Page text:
In the intertwined worlds of Philadelphia politics, business, unions and industry, one figure who has consistently emerged for years as a shadowy power broker is the legendary John Dougherty – aka Johnny Doc, who has been reputed to possess the power to make or break politicians’ careers.
After federal prosecutors announced charges of fraud, embezzlement and corruption last week against Doc and eight associates, including City Councilman Bobby Henon, questions arose about whether the indictment truly describes criminal acts, or if Doc and Henon’s hardball tactics on behalf of their union was just a case study in realpolitik.
On Friday, seven defendants, including Dougherty, 58, business manager of the Philly electricians union, and several other union employees, all entered not guilty pleas to charges of corruption and fraud. Dougherty and his associates stand accused of stealing more than $600,000 from the union’s funds for personal purchases and home improvements between 2010 and 2016.
Picking over the indictment reveals Dougherty’s connections to countless other areas of Philadelphia politics and even corruption.
For example, Local 98 expenditures included a $6,400 donation that went toward paying for summer trips for the two daughters of jailed ex-Philadelphia DA Seth Williams to Japan and Spain through a popular youth travel program in 2015, the Inquirer reported. Incidentally, the donation was made months after a case involving Dougherty allegedly punching a non-union worker in the face over a dispute at a construction site was referred to the DA’s office – and which was resolved without any criminal charges.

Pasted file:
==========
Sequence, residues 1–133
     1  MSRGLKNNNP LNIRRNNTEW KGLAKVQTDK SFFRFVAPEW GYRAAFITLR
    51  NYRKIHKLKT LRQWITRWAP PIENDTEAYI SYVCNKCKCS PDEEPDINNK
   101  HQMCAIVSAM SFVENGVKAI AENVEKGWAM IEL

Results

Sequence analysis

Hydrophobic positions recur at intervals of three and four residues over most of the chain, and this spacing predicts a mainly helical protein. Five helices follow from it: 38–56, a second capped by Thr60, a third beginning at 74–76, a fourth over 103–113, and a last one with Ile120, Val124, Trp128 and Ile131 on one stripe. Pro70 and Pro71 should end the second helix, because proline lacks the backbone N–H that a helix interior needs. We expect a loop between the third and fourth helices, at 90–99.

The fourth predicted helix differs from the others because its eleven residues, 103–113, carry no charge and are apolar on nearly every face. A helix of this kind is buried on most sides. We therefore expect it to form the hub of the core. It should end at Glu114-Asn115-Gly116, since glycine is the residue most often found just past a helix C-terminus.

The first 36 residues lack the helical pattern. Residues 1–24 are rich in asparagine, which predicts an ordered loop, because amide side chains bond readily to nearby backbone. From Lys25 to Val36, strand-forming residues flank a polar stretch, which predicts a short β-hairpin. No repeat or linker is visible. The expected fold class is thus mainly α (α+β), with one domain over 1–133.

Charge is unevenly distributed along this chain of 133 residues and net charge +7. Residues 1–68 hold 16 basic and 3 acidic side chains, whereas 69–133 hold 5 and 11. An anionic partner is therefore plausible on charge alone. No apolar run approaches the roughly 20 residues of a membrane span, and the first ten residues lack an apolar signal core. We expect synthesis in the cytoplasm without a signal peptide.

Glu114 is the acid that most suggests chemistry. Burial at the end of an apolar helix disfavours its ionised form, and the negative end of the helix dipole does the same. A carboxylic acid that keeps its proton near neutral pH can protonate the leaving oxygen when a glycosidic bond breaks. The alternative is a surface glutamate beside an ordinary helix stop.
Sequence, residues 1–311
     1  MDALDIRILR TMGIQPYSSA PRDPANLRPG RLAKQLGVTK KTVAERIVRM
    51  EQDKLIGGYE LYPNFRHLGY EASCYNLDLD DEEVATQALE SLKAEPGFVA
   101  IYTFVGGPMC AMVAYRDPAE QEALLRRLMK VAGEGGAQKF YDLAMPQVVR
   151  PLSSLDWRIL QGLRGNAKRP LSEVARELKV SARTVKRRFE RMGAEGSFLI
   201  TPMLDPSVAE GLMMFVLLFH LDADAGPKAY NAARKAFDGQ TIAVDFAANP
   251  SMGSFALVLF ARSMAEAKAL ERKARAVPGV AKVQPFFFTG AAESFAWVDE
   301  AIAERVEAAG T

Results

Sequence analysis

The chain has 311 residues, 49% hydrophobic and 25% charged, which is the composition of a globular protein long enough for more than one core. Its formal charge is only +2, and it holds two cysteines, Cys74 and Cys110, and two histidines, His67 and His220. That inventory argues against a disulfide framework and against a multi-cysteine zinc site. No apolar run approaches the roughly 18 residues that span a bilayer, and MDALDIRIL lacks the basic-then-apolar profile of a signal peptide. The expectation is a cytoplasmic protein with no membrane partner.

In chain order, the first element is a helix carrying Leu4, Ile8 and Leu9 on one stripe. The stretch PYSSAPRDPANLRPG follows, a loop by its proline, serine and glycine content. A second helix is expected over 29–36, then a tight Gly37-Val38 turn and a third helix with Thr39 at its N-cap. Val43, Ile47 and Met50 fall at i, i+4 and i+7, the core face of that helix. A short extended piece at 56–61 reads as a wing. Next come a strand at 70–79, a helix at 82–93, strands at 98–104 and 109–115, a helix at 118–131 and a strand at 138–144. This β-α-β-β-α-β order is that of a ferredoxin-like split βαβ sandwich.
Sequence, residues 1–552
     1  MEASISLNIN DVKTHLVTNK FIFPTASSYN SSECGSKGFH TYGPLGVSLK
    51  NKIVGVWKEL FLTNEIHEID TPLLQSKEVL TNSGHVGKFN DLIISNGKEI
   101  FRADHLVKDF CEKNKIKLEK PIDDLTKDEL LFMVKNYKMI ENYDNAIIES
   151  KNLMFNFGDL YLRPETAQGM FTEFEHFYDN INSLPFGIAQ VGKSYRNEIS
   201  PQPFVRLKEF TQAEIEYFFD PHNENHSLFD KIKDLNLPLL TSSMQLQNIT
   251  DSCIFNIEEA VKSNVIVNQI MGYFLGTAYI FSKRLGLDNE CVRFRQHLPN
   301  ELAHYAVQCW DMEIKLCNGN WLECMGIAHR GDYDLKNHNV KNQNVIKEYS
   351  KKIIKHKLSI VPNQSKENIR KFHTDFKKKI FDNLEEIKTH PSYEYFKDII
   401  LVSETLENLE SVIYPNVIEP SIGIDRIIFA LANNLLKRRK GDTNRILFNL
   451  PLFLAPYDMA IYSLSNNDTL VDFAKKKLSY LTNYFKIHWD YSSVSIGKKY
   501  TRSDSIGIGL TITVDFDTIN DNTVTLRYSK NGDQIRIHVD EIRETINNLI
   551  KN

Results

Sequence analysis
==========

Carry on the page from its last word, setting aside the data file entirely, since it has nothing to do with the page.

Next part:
The indictment also describes Dougherty giving full support to Mayor Kenney’s signature soda tax proposal in 2016, helping to push it through Council, in revenge against the Teamsters union for running a TV ad that criticized him.
Philadelphia city government officials wrote an op-ed in the Inquirer Friday denying that Dougherty had anything to do with the genesis of the soda tax proposal: “The tax was the result of creative thinking around improving education for our children and economic development in our neighborhoods,” wrote finance director Rob Dubow and Mayor Kenney’s chief of staff Jim Engler.
Meanwhile, plenty of heat has also been directed at Northeast Philly Councilman Henon, 50, who went to court a day earlier on Jan. 31 to enter a not guilty plea to charges of corruption for allegedly using his post to do the union’s bidding.
Henon has taken a straightforward stance: he does not plan to resign and denies all wrongdoing. Henon claims he never concealed his affiliation with Local 98 or the $72,000 salary he received from the local after being elected on top of his $140,000 city paycheck (City Councilmembers are allowed to have a separate source of income as long as they report it properly).
Henon claims the activities he is charged with in the indictment – including pressuring Comcast to hire a union-supported electrician to “advance” their cable franchise negotiations with the city – were congruent with his duties as an elected councilman and advocate for unions citywide.
But the indictment paints a slightly more troubling picture. In it, Dougherty is shown to be in regular phone and text message contact with Henon directing many of Henon’s “pro-union” activities. Henon at one point was recorded, federal prosecutors allege, when Dougherty questioned his loyalties, responding, “I don’t give a f— about anybody, all right, but f—ing you and us, and you know that.”
Furthermore, on May 4, 2015, the two men discussed an Inquirer editorial “critical of Doughery and his close relationship with Henon,” the indictment states.” According to the indictment, Dougherty literally dictated a response that was then submitted to the newspaper as if it came from Henon – and which falsely claimed the two of them only spoke once a year.